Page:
Artistically, Sakurakoji provides attractive people on easily identifiable backgrounds. Clothing is stylish or lush depending on whether it is eastern or western, and Misao's ever-changing hairstyles are visually interesting. The panel flow is clear and easy to follow, and as has been mentioned, her use of symbolism is excellent, albeit creepy. Facial expressions are not her strong suit – Misao seems to cycle between about three and during one sex scene Kyo looks annoyed that Misao is enjoying herself – but for the most part the emotions come across clearly. Hands tend to be consistently too large, but all the other anatomy is where it ought to be.
Black Bird has never really aspired to be literature, but in at least two of these three volumes it also loses the right to call itself “good.” The disturbing aspects of Kyo and Misao's relationship far outweigh the romantic ones, making this an almost textbook example of what you don't want in your daughter's love life. While it is hardly the first series to do this, it also lacks some of the qualities that make something like Miki Aihara's Hot Gimmick readable – for example, Hatsumi never aspired to anything resembling an equal relationship, where Misao does. That she is unable to achieve it makes her seem trapped, a victim of her own Kyo-stoked libido. And when your romance heroine seems like a victim, something has gone wrong with your story.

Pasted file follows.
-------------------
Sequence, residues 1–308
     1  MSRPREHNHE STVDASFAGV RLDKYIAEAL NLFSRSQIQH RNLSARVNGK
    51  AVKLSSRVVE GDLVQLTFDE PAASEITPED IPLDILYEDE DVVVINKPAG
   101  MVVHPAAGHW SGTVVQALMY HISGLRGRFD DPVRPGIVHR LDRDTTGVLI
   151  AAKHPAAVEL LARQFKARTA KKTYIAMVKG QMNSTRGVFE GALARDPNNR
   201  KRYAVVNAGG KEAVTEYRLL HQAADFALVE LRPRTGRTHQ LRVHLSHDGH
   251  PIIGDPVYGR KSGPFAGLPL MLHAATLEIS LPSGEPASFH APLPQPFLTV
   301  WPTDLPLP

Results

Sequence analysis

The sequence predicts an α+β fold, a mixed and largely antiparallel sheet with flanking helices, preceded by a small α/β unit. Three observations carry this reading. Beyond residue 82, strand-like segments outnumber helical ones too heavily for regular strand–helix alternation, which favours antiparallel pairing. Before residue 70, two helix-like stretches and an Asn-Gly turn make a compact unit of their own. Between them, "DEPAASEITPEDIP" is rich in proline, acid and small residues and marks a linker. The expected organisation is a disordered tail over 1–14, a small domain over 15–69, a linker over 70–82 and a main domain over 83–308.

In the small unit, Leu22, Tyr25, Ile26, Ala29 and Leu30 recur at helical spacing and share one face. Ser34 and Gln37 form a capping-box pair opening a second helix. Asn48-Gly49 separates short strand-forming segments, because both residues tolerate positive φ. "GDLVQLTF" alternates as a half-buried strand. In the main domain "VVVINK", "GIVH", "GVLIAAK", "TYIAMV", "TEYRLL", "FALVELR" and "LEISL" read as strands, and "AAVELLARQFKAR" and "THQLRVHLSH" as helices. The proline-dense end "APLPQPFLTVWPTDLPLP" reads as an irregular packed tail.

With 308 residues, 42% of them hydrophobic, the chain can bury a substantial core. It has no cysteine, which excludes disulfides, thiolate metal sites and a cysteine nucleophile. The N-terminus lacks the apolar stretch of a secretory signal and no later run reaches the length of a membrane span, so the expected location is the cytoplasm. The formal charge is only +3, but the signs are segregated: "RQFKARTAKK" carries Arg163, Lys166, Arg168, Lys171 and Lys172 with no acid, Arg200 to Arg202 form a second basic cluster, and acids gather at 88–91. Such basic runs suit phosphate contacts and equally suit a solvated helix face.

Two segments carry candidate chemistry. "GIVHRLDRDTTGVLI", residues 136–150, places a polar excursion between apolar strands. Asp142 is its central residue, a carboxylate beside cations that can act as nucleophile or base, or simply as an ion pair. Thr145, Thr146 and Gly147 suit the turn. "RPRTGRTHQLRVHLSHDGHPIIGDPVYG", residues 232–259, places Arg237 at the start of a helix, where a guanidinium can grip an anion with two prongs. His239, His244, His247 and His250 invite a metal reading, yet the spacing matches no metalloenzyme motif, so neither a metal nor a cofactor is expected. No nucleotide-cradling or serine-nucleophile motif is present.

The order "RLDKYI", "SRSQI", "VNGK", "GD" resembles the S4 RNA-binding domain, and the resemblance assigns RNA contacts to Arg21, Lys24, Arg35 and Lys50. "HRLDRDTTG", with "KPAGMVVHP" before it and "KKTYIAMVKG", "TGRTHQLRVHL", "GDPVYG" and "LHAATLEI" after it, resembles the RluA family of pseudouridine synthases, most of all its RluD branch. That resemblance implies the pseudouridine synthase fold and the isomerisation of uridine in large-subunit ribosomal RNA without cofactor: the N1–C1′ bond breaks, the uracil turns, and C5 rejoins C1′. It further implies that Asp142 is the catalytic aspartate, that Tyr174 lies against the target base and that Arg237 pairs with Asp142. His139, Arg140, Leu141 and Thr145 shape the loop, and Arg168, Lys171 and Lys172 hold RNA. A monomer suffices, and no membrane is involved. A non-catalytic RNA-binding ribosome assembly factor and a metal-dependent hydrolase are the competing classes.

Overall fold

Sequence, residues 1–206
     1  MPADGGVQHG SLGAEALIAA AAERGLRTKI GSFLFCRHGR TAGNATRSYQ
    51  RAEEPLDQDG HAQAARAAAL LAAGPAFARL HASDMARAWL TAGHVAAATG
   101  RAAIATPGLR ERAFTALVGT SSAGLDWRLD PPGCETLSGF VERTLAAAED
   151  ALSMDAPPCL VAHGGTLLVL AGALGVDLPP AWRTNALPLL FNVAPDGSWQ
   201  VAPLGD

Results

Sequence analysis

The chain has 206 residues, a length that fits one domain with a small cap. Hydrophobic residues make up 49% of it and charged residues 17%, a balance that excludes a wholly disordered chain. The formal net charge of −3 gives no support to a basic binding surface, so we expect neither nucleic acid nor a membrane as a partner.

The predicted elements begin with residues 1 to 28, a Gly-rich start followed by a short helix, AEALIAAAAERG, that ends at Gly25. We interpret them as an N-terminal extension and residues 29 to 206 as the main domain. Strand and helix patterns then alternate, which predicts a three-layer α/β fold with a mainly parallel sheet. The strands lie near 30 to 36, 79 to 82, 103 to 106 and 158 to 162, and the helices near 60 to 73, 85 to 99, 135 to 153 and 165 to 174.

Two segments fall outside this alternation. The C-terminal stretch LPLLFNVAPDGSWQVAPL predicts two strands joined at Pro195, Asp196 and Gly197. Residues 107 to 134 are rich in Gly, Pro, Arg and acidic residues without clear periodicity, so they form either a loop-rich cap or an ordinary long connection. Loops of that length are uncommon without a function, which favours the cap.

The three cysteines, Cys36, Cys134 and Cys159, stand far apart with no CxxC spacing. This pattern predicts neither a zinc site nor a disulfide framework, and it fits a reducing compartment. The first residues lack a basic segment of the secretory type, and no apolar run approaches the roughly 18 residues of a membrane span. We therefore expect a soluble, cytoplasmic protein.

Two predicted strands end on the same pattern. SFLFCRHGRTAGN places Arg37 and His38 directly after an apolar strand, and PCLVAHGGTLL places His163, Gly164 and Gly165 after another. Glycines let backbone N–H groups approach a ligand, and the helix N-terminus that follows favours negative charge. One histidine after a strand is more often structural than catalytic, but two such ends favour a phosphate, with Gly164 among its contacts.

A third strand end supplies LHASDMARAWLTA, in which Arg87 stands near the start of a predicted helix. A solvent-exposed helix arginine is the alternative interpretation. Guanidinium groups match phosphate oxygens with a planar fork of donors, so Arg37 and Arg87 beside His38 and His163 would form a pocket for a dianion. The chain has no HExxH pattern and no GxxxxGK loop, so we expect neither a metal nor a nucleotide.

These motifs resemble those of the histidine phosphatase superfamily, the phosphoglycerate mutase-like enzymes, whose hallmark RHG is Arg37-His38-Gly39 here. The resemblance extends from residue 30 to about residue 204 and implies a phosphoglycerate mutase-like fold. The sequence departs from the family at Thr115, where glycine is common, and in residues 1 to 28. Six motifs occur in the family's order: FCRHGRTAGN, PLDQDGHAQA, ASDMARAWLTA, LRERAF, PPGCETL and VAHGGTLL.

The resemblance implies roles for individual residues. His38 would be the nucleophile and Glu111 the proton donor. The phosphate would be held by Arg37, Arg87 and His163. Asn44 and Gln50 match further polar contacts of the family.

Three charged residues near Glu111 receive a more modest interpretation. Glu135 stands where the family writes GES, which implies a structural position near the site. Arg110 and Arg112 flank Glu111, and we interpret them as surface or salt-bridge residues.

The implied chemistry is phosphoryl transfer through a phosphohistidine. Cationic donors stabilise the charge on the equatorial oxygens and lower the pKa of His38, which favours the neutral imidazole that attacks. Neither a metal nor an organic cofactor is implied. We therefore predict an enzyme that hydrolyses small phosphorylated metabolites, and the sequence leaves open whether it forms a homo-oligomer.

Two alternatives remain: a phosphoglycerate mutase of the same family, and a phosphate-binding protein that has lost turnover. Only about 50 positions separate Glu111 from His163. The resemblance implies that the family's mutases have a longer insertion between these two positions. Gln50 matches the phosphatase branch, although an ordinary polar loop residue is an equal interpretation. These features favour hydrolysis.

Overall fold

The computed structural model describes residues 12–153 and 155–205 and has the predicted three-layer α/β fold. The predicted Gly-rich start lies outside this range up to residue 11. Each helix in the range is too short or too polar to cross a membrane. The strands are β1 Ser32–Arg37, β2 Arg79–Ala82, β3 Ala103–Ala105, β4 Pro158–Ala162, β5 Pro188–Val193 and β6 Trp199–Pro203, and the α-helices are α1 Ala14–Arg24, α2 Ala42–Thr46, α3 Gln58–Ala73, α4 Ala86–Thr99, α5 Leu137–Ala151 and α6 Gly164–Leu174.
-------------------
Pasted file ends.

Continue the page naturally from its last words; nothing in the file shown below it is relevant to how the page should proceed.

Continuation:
Overall : C-
Story : D
Art : B
+ Nice art, story picks up in volume 10.